During the campaign for reelection, the crooked politician Paul Madvig decides to clean up his past, refusing the support of the gangster Nick Varna and associating to the respectable reformist politician Ralph Henry.
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Good but not great. 3 1/2 out of 5 stars. Brian Donlevy was entertaining but there was something off about Ladd with his extended smiles and off-putting politeness. And for as much as I would've jumped at the chance to drink Veronica Lake's bathwater, her character was just a vacant placeholder here. The plot was more political corruption than film noir but an influential story nonetheless.
Despite its pedigree, a fairly standard film noir drama. Alan Ladd is strong in the lead and Veronica Lake is gorgeous as always, and it does have its moments. But the convoluted plot is just too talky to really generate the suspense and tension it needs to be a classic, though it is still worth a watch for noir fans. Clearly a major influence on the Coen Brothers' 'Miller's Crossing'.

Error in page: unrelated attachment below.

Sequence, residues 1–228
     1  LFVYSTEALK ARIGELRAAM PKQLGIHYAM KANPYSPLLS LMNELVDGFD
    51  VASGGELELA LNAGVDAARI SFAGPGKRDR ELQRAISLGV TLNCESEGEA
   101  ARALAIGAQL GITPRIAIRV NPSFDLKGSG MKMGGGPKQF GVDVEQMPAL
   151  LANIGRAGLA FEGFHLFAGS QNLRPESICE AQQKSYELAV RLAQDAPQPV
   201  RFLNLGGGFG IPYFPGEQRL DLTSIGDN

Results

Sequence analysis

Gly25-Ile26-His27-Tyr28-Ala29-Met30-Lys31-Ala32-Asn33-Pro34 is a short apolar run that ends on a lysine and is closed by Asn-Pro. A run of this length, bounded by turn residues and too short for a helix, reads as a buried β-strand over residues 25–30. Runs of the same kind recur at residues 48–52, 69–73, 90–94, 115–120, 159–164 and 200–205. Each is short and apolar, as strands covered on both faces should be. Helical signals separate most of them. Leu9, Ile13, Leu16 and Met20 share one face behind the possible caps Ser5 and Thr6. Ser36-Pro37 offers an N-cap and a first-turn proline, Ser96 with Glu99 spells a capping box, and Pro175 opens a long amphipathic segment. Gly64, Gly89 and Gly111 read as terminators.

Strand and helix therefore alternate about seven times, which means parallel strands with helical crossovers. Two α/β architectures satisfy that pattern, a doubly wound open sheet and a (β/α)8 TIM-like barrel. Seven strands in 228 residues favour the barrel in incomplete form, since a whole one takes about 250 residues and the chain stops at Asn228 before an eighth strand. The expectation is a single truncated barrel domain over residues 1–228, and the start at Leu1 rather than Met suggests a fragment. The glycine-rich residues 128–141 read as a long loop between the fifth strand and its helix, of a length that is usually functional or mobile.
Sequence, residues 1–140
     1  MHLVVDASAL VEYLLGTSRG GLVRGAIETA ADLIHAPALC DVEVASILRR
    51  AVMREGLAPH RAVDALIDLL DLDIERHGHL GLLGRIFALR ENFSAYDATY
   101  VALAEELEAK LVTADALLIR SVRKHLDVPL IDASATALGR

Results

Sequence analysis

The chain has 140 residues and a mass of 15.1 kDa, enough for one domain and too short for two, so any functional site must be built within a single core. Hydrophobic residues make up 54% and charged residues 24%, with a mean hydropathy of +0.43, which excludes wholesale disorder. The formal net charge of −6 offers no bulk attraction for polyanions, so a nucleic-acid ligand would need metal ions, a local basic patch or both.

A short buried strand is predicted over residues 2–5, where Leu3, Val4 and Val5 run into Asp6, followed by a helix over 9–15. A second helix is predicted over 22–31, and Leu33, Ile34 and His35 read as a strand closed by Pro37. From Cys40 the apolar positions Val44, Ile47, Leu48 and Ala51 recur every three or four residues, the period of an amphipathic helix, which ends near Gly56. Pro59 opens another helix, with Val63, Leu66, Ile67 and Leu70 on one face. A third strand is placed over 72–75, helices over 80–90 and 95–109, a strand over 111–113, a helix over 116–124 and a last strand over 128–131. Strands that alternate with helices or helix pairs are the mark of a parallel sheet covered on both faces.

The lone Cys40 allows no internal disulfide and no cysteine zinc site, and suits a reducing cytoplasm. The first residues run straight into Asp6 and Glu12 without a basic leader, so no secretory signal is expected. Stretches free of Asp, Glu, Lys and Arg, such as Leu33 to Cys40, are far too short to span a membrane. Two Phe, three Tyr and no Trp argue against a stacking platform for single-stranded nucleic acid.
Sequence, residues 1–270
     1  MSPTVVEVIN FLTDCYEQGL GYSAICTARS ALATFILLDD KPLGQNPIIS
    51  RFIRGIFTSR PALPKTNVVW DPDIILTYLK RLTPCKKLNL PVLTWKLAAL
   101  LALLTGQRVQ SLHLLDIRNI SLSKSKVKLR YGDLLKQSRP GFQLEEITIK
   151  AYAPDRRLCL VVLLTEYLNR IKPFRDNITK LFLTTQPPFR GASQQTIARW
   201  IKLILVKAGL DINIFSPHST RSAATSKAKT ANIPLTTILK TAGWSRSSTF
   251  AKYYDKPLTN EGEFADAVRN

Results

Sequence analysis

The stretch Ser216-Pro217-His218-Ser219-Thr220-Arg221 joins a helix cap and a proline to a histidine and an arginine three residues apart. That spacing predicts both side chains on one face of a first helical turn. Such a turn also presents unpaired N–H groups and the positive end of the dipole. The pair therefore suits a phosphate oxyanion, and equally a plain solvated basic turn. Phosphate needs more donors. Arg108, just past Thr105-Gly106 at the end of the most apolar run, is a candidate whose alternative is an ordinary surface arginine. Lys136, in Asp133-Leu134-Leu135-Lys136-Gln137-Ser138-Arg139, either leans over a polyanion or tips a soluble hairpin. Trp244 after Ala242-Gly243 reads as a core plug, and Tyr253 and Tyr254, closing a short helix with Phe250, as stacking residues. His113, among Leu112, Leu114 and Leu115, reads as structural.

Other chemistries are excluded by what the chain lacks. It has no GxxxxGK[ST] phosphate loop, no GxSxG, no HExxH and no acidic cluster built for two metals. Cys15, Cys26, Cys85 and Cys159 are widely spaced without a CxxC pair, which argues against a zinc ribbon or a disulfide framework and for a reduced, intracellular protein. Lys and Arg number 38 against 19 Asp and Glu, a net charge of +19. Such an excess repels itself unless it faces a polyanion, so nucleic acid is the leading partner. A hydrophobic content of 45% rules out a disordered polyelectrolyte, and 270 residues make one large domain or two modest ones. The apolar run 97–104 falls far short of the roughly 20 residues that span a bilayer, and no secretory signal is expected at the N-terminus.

Politically correct version of Dashiel Hammett’s novel. Lake and Ladd shine. Calleia and Bendix play the two-headed villain. Choirboy face Alan Ladd is smashed up by William Bendix. Numerous homosexual connotations for those who are interested.. Average.
Decent noir. Lake is sexy enough but felt underused imo, so never really acheived true femme fatale status for me. Ladd has some good moments but I will always judge him by Shane and his performance here just doesnt quite cut it. Donlevy basically carries the film as the dirty politician. Worth a look, but probably wouldnt rewatch
Story by Dashiell Hammett, starring Alan Ladd, Veronica Lake (who's prettier?) and Brian Donlevy, but the real star in my book is William Bendix as the heaviest of heavies, a deranged luntic-thug who, while throttling his former gangster employer, quips: "I'm just a big good-natured slob!"